FUTA Overview

28th Conference of the Association of Vice-Chancellors of Nigerian Universities (AVCNU) – FUTA 2013

28th Conference of the Association of Vice-Chancellors of Nigerian Universities (AVCNU) – FUTA 2013



The Nigerian University System and the Challenges and Prospects of Globalisation.

The Nigerian population is now estimated at 170 million, yet our current systems and institutions only directly reach a small minority. Besides, the country faces daunting social and economic challenges. Unless we come up with a very different vision for the future, large segments of our population will be excluded from the benefits afforded to a highly educated and skilled population, and most of our products would be unable to contribute meaningfully in the development process.  We propose that education, and specifically higher education, has the potential to shape and connect the lives, cultures and endowments of people around the country and the world. To do this, however, would call for us to radically re-think the nature of our universities. Just how radical can we permit our vision to be? Are the traditional institutions equipped to create the new reality that is desired or do we require much more dynamic thinking? How do we translate the new vision to reality?

These and more are captured in the sub-themes proposed for discussion below. Under each, a number of provoking questions are asked, and may be expanded.



  1. 1.  The Future of our universities: 21st century perspectives
  • What do we want our universities of the future to look like, and what steps should we take to get there?
  • If building a knowledge society depends on a highly educated and skilled workforce with an international perspective, what role will institutions play in delivering globally literate citizens?
  • Who are the new players in creating a knowledge society of the future? And how will universities collaborate with them?
  • How will universities create partnerships in which innovation flourishes; and how can partnerships advance our global competitiveness?
  • How will institutional collaborations and partnerships shape and create a connected world?




  1. 2.  The Connected world of knowledge and socio-economic realities
  • How might we truly expand access, so the millions of disadvantaged youth may belong in the global workforce?
  • What funding patterns and options are open yet untapped for us to develop competitive programmes and infrastructure?
  • Public/private - an uncomfortable partnership or an opportunity to innovate?
  • Knowledge economies, global challenges and global perspectives - how will universities define their role?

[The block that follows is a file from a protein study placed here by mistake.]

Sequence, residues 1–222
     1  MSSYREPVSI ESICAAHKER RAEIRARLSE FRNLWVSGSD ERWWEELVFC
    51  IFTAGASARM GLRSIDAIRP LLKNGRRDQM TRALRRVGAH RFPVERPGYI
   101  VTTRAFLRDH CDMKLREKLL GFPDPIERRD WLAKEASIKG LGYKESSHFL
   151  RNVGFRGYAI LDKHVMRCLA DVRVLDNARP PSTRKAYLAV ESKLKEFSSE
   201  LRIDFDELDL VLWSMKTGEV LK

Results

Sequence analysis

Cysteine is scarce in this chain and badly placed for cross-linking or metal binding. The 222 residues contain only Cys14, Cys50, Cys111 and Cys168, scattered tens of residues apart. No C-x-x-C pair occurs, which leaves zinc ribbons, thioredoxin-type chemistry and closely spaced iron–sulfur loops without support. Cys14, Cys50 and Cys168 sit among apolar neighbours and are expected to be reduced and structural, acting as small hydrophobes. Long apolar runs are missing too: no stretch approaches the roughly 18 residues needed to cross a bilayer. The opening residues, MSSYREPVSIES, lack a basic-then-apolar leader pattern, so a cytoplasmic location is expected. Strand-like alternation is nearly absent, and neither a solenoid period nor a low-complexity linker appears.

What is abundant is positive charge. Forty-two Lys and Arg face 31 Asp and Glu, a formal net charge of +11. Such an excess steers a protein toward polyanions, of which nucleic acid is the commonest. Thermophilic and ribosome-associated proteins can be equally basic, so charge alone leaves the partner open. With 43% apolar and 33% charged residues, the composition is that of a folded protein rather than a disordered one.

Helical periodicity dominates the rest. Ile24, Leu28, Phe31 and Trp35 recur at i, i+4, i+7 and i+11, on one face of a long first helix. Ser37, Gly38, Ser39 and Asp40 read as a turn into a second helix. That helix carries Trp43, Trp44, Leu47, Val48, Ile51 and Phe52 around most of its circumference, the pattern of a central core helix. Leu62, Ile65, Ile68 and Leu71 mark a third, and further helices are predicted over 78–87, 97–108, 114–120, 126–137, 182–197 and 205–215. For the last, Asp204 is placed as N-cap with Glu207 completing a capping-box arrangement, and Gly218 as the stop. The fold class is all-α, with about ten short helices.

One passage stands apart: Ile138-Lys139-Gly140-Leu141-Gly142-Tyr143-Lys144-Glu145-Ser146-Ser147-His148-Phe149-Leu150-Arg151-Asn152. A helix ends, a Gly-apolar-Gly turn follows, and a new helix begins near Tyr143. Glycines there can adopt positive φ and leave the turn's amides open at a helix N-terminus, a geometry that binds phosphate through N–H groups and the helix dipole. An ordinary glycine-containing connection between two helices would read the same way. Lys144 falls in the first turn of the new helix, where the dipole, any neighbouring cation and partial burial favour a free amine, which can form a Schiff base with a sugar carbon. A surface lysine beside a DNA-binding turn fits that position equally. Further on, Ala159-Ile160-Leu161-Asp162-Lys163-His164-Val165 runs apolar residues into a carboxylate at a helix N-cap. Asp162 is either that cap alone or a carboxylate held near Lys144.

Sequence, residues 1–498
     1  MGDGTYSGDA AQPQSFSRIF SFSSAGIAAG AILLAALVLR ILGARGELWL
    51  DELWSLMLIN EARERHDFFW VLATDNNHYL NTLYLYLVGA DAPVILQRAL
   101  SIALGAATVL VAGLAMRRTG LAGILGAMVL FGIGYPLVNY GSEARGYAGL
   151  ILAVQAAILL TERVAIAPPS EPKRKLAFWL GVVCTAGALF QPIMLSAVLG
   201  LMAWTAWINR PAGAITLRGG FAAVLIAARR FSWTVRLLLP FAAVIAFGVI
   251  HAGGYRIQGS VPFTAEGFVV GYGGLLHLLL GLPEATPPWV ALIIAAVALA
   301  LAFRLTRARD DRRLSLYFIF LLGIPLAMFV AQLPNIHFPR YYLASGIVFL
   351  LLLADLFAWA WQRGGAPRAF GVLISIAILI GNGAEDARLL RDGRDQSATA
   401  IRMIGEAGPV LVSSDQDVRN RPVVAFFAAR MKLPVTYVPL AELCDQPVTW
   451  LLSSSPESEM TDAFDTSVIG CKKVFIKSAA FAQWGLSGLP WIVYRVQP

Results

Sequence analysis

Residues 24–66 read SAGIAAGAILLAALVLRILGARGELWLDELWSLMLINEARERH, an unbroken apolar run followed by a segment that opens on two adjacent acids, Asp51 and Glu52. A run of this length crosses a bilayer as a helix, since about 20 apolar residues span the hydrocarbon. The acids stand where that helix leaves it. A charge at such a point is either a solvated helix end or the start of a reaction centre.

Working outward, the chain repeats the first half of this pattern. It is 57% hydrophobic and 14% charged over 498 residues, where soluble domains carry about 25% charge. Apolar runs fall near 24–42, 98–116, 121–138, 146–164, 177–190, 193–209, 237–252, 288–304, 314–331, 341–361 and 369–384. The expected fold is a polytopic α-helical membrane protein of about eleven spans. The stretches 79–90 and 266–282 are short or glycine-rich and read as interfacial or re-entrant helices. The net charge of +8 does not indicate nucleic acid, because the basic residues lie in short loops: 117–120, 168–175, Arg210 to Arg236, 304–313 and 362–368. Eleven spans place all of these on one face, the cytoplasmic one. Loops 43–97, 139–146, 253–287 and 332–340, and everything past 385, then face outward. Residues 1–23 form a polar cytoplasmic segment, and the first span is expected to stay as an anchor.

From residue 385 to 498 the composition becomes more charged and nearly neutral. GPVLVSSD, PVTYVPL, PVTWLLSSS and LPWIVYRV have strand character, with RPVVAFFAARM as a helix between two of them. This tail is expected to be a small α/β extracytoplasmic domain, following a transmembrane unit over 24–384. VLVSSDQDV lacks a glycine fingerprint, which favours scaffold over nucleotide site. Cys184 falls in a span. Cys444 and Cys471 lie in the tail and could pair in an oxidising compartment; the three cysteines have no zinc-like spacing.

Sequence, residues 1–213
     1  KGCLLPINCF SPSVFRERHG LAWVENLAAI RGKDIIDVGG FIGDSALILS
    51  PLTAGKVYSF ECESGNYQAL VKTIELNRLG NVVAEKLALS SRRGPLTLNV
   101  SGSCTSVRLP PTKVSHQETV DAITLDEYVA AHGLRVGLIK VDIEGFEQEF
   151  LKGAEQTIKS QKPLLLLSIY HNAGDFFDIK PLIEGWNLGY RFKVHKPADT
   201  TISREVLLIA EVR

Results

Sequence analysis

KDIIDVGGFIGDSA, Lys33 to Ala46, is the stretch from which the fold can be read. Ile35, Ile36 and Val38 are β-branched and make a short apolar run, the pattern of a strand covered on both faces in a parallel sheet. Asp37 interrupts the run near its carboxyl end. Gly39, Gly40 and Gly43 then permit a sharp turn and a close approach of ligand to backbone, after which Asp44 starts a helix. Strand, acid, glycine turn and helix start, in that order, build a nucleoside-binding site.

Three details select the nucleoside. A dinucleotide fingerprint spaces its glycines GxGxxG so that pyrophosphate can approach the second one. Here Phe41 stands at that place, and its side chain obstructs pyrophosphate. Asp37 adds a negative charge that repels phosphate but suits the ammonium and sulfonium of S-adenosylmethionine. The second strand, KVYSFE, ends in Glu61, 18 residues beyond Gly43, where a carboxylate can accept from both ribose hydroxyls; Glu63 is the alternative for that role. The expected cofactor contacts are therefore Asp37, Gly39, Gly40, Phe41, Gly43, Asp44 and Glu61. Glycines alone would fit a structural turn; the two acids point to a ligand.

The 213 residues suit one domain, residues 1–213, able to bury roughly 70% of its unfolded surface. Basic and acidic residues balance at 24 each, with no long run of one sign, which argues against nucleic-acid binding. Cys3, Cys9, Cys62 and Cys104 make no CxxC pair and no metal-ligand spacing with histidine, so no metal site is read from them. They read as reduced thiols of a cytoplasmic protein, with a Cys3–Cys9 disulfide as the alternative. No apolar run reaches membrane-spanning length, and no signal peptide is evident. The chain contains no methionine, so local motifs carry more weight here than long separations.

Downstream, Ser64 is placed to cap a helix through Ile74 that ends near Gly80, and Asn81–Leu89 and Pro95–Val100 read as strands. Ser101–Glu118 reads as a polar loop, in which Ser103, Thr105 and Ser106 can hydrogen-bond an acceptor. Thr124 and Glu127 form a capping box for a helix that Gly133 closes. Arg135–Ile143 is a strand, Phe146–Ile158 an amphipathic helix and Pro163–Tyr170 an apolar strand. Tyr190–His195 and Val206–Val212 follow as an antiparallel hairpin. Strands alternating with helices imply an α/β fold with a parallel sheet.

• How we will measure the benefits of education and how can universities better demonstrate their value?
  • Is internationalisation a real driving force in connecting the world?


  1. Getting our universities into the top ranks: best practices in Advancement and Linkages

Nigerian universities hardly place in any visible positions on world university ranking tables.

  • How might Advancement practices help to build infrastructure and facilities required for teaching, learning and research capabilities
  • What sponsorship opportunities can universities leverage to develop faculty capacities
  • What North and South partnerships exist and how do universities harvest such opportunities for their benefits
  • How do we maximise linkages opportunities


  1. 4.  Round Table: University Heads Engage Employers in Dialogue


(Enhancing partnerships between Training Institutions and Social Partners-Employers)


Employers complain that graduates leaving university do not have adequate employability skills.  University lecturers are concerned that secondary school graduates come to university with poor learning skills. Discussions in Higher Education (HE) are focusing on the best strategies for developing student learning and employability skills, with the consensus being that it should be the responsibility of both employers and universities, especially in an age where funding remains a major problem of higher education institutions. The role of Higher Education in fostering social cohesion lies in its ability to equip people with the knowledge, skills, competences and attitudes needed to enter and remain in the labour market. The capacity of our institutions’ systems to ensure a supply of highly qualified people mastering the requirements of todays working world and contributing to innovation both as employees and entrepreneurs is crucial and in focus.


As the labour market continues to witness rapid changes, employers have an important role to play in identifying the knowledge, skills and competences needed in employment. To bring the employability and entrepreneurial potential of all learners up to par, communication and active cooperation should be encouraged between our training institutions and employers. It is important that employers from all sectors - private, public and voluntary - are involved in this process.


  • How do we kick-start this process?
  • Explore what levels and channels to engage with employers: Do we have a central strategy for employer engagement; do we need one?
  • What structure and mechanisms can we use?
  • Is there a need for student representation on such structures?
  • What model(s) for the consultation of all relevant stakeholders and social partners can we put in place to prepare our citizens for the challenges of life in the 21st century?
  • How do we ensure partnerships based on trust and dialogue that offer mutual benefits for all to make learning more responsive to future needs and increase student motivation by providing a clear context for learning?